outstripped Europe for the first time as a centre of gravity for mergers & acquisitions in early 2010, as the value of deals struck worldwide jumped by a fifth.
Transaction values in China, Australasia and south east Asia soared 120 per cent in the first quarter, boosted by Prudential’s impending $35.5bn (£23.4bn) takeover of American International Assurance, according to Thomson Reuters.
While the value of deals planned in the region rose to $129.3bn, Europe’s share of the action sank for the third year in a row to $100bn.
The shift in global corporate activity from west to east came against a backdrop of resurgent confidence. January to March marked the strongest quarter for M&A in all countries since 2008, with deal values rising 20.5 per cent to $57.3bn.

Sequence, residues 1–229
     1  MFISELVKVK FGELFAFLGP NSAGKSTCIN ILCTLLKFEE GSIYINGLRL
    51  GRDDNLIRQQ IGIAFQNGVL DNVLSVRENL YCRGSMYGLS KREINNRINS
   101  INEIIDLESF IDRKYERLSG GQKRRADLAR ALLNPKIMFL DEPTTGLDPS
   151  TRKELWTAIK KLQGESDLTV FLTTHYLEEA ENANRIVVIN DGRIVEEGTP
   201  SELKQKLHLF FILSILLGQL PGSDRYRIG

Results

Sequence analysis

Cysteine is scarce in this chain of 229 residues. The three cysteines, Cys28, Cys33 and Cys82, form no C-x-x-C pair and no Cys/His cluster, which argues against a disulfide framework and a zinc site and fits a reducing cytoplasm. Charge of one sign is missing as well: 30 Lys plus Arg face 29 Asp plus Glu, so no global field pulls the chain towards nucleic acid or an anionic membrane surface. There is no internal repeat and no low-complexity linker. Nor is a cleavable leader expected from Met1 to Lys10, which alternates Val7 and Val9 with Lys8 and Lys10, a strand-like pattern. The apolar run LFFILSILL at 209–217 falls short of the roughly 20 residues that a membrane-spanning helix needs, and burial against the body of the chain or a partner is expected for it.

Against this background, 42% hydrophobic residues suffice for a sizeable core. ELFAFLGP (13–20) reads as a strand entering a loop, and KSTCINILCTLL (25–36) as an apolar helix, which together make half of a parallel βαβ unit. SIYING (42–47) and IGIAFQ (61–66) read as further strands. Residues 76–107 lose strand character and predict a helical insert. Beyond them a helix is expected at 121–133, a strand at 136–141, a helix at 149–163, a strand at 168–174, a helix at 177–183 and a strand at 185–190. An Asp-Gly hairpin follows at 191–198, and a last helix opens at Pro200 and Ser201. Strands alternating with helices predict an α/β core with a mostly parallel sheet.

Commentators said greater confidence in company boardrooms, improved liquidity available from banks and the rebound in equity markets were driving activity.
Frederick Green, co-head of M&A at New York law firm Weil, Gotshal & Manges said: “Senior managements don’t want to be making major capital commitments when things are turning down, but when things turn up they don’t want to be the last ones to get onto the growth trajectory.”